The Field Spaniel was developed in England in the latter half of the 19th century to be a medium-sized, all-black dog, which was unusual at the time as most hunters preferred dogs with some white so they could be easily seen in the field. The Field Spaniel was created at the same time that dog shows were becoming popular and is considered the first spaniel developed for conformation showing while at the same time retaining his excellent skills in the field.
Until 1901, spaniels were divided by weight, so if one puppy in a litter grew to be more than 25 pounds, he was called a Field Spaniel. If he weighed less than 25 pounds, he was classified as a Cocker Spaniel.
The breed started out as a popular dog, but through some not-so-successful cross-breeding, fanciers turned him into a dog that was longer than he was tall, with short legs, a large head, and too much coat. In the late 1800s and early 1900s, there was a mix iof Sussex, Cocker and even Irish Water Spaniels in the breeding. That didn't make for a very good or very attractive hunting dog, and the public expressed its displeasure. Through the efforts of dedicated lovers of the Field Spaniel and the introduction of the English Springer Spaniel the breed began to return to the original type envisioned by the original developers of the breed.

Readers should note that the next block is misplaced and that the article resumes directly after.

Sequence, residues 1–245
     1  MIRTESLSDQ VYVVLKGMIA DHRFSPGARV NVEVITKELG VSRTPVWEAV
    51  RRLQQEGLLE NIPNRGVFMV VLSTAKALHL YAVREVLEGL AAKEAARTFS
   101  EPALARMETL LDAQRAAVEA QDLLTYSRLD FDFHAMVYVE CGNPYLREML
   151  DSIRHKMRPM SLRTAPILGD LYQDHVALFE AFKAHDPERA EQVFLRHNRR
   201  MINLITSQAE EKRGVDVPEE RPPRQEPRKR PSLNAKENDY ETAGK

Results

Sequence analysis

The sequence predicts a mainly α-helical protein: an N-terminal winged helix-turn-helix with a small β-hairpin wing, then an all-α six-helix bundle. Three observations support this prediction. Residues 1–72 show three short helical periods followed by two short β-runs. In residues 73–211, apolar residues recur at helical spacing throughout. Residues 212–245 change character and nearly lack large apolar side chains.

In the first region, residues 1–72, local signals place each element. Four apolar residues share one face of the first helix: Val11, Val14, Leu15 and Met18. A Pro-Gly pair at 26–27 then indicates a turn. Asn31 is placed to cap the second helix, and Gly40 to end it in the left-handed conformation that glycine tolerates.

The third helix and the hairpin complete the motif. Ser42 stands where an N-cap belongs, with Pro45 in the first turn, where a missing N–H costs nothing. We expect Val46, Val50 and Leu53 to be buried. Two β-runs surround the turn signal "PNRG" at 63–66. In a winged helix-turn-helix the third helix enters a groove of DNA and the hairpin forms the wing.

Field Spaniels nearly became extinct during World War 2. Thankfully due to the efforts of breeders at the time, the breed survived. Interestingly, all modern Field Spaniels descend directly from two dogs and two bitches from the late 1960s.